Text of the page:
(June 5, 1997, Gazette)
I am honored to join Memorial University's 1997 graduating class in this landmark year in the history of Newfoundland. Please accept my heartfelt thanks for the recognition you have bestowed on me today. This is not something I accept lightly; it brings with it the responsibility to live up to the standards this community and this university have set for all of Canada. I am humbled to receive the acceptance and fellowship of this university. It was built and is inspired by the energy, ambition and aspirations of thousands of Newfoundlanders. Their meritorious lives bear testimony to a decency of character, grounded in a legacy of the physical, moral and cultural accomplishments of 500 years.
Alberta's greatest poet was an Icelandic homesteader and dairy farmer named Stephan G. Stepansson. Ninety years ago he described the way his Scandinavian forbearers looked westward across the Atlantic and saw Canada as a place:
Where calm and sun never end,
for there the good season has found
with freedom and compassion
-- all that is best.
Human hope turns its tired eyes
from the east to dream about you,
because you provide good
to all who loved
you fervently and who find in you
fulfillment and a home.
You are a place where life is fulfilled
and able to root,
the place for which the restless spirit
When I read those words, I recognize Newfoundland, as much as I recognize any other Canadian place. Part of our unity is the common dreams that drew us together.
In recent years, the people of this island have shown incredible courage and resourcefulness in the face of economic, social and political change. The indomitable spirit of the men and women of the fishery confronted by life-changing obstacles is noble and inspiring. It is my wish that this spirit will never be broken. It is a paradox that, as the men and women of the fishery seek ways to restore, protect, preserve their livelihood and way of life, these are also heady days for Newfoundland's mineral resource industries.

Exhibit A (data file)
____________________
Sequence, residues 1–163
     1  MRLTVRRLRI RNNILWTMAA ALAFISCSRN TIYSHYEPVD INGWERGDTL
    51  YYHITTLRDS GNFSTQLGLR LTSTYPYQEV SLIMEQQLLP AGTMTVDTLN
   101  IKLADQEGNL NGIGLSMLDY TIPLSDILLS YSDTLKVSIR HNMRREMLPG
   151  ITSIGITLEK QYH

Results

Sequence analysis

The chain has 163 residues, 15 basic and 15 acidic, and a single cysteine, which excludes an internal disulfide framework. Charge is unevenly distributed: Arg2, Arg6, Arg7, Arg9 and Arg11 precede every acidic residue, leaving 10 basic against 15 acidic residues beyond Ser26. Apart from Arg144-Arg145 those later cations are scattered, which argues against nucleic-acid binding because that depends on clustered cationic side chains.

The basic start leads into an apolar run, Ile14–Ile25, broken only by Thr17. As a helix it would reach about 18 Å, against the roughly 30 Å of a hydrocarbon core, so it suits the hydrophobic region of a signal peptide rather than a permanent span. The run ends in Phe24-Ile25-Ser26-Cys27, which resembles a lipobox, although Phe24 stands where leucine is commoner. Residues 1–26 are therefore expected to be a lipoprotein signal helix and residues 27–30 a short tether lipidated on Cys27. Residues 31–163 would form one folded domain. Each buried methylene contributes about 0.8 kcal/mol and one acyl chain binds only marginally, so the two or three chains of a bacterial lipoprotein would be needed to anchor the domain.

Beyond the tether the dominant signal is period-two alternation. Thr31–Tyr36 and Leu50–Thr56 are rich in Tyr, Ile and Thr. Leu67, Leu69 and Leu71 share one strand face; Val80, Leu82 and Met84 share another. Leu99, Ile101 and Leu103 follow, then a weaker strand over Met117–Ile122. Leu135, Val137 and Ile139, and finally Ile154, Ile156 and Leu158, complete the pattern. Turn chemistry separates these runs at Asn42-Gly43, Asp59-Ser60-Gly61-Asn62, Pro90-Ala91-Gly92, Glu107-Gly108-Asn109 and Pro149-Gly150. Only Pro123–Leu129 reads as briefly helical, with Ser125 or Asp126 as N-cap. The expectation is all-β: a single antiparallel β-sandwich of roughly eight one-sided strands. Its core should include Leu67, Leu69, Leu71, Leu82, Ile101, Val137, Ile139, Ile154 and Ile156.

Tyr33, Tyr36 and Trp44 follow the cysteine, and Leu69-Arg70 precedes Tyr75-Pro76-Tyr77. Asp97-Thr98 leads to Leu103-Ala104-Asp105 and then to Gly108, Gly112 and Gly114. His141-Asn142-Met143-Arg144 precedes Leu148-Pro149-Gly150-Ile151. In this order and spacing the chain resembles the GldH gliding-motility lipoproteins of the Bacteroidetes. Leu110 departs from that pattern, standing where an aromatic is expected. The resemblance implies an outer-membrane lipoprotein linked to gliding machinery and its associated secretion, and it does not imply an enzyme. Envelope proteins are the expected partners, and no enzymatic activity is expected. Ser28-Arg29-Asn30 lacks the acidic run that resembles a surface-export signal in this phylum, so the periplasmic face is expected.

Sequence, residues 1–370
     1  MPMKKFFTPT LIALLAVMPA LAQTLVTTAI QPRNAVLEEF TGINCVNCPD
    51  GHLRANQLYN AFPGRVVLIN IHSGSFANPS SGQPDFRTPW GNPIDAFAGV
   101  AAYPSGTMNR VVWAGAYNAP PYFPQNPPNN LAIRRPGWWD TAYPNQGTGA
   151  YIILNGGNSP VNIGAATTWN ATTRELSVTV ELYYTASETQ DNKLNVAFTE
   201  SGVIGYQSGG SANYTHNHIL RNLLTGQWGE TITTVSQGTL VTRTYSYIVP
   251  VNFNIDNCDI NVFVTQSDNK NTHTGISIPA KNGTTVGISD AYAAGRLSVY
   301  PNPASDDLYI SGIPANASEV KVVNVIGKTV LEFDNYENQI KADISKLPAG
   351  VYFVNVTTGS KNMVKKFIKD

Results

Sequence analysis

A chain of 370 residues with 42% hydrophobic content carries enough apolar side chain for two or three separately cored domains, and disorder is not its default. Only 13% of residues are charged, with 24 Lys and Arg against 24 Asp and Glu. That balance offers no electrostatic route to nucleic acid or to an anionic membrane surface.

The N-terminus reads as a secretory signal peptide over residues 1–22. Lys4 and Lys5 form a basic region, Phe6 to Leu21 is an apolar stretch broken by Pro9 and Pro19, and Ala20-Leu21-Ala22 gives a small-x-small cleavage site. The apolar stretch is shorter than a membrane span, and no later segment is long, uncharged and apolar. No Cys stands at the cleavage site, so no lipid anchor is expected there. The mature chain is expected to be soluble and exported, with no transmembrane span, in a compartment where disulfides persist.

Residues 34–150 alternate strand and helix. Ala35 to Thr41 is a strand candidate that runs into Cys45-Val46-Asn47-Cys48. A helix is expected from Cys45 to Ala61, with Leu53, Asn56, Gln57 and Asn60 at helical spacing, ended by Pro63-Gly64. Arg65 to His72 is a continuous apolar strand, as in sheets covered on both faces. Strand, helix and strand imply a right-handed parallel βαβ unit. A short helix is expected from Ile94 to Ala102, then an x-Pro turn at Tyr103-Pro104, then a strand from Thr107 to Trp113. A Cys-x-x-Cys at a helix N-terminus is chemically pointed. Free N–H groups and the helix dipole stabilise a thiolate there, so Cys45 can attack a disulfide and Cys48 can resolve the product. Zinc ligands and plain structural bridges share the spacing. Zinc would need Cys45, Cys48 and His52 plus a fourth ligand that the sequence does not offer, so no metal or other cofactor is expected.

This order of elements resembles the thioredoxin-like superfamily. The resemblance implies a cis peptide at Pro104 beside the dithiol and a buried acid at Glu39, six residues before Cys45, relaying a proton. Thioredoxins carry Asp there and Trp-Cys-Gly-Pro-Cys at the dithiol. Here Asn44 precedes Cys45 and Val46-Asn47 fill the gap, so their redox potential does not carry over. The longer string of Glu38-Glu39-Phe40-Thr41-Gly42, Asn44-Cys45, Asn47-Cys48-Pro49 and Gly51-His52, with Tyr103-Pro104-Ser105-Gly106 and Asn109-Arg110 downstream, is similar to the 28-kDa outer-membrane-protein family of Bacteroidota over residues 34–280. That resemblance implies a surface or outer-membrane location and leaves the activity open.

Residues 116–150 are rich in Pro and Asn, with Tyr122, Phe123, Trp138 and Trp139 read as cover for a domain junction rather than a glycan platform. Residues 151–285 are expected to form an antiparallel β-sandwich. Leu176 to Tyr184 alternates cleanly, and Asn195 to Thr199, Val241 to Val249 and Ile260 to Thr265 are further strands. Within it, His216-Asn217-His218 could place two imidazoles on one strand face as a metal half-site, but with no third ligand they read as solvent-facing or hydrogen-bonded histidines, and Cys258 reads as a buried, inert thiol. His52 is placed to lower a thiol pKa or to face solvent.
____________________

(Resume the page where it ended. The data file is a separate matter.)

In the words of a famous Newfoundland poet, E. J. Pratt,
Newfoundland's tides once again...
Are pounding at stubborn gates,
That they might run
Within the sluices of men's hearts...
And teach the sea's strong voice
To learn the harmonies of new floods.
The new harmonies for the future of Newfoundland are being written by the geologists and miners at Voisey's Bay and by the offshore seismic crews, the men and women on the drilling platforms, and, soon, the crews on the tankers who will carry off a new cargo of wealth from under the sea bed.
As oil production facilities near completion, Hibernia is finally understood for what it is. Not some geological oddity, propped up by political rigging and misplaced economic optimism. Rather it is the first step to capitalize on the discoveries of the 1970s and l980s.
Hibernia is just the beginning. As Chancellor John Crosbie wrote a few months ago in Oilweek magazine: "With the right mixture of encouragement and good administration, the potential for a great leap forward in the economic prospects of Newfoundland exists as we enter the 21st Century."
My experience, as a geologist, corporate executive and public servant tells me that Newfoundland has just begun to realize the scope and scale of its natural resource base, and the wealth that it will create. This wealth associated with offshore oil resources brings with it great opportunities and responsibilities for Newfoundlanders.
The search for oil is not merely a technical process; it is elemental; a unique blend of sciences and gut feel conditioned by experience.
In the words of a great geologist -- "Oil is found in the minds of men."
This university has a crucial role to play in development of the petroleum geosciences -- this includes geology, geophysics, reservoir engineering, remote seisming, geochemistry, basin modelling, and so forth.
Without ready access to this knowledge base, without a community of such expertise one cannot go on to develop the drilling and production systems, the petroleum economists; and, yes, the investment community that together represent a fully mature petroleum community. Without these, government's attempts to manage and to maximize economics benefits will be made more difficult.
Newfoundland has made certain very wise investments, often with the help of industry, to build up a strong marine engineering community and is now starting to reap design, engineering and fabrication benefits. Your magnificent contribution to the construction of the Hibernia GBS is proof enough of the skills of your tradesmen. The recent innovative labor agreement at Bull Arm and the new fabrication work won in free competition by the Marystown Shipyard show that your workers are well aware of the need to give due consideration to international competitive factors.
But again I repeat, the truly comprehensive inclusion of oil into Newfoundland society cannot take place without mastering the petroleum geosciences. You should be, and be known as, a world- class centre in the teaching, research and application of these disciplines.